Can Diet Pills Cause A False-Positive Opioid Test?
In out latest question and answer, the pharmacist discusses whether or not diet pills can cause a false-positive drug test for opioids or narcotics.
I'm just wondering if I'm being tested for narcotics, will taking a diet pill or pills such as truFix and truVision cause any kind of problems such as a false positive? I would just like to be sure that nothing along those lines will happen before I start taking diet pills.
There have been very few studies looking at whether or not any dietary supplements can cause a false-positive test for narcotics, like opioids.
However, false-positives with urine based drug tests are fairly common, so it stands to reason that some supplements may cause a false positive. In addition, there are many documented drugs that are known to cause false positives for opioids. We have written extensively on the subject of false-positives for drug tests, which can be found here: What Causes False-Positives On Urine Drug Tests? Below are some highlights from that article:
- Most common drug tests are simple urine based immunoassay tests, which work by using antibodies to react to specific drug compounds. When a specified drug is present in a test urine sample, an antibody binds to it, which produces a reaction. This reaction signifies a positive result.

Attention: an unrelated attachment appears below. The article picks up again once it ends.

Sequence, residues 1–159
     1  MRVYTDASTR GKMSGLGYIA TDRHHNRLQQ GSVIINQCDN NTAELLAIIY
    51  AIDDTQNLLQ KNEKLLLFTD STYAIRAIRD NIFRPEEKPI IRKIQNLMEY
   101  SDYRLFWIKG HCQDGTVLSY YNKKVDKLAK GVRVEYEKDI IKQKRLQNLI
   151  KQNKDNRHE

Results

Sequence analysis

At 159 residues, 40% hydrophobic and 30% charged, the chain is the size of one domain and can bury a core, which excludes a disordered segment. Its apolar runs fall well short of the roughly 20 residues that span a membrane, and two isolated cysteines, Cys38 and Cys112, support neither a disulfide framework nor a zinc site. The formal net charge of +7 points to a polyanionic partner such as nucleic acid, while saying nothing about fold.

- Unfortunately, immunoassay urine tests have a significant problem with 'cross-reactivity', meaning that drugs that are NOT being tested for can react with the wrong antibody (i.e. 'cross react'). Whenever a reaction occurs, even if it is with the wrong drug, a positive result is recorded, although in this sense it would be a "false-positive".
With opioids specifically, which are narcotics, there are many drugs that are known to cause false-positives for them. They include:
- Dextromethorphan (Delsym)
- Diphenhydramine (Benadryl)
- Doxylamine (one of the ingredients in NyQuil)
- Quinolone antibiotics (e.g. Ciprofloxacin, levofloxacin)
Although there are no documented false-positives with diet pills (or the ones you mentioned in your inquiry like truFix), there could simply be a lack of data regarding the ingredients contained in them and their likelihood of causing altered test results.
In addition, over the counter dietary supplements are notorious for sometimes containing mis-branded and adulterated ingredients. The FDA has a list of supplements that have included ingredients that are either not specified on the label or are prescription only ingredients.
Diet pills are probably more likely to cause false-positives for stimulants rather than narcotics, as numerous products are included on the FDA list that contain amphetamine like substances. Unfortunately, it is nearly impossible to guarantee that an over the counter supplement will not cause a false-positive reading due to the lack of data regarding many of the ingredients.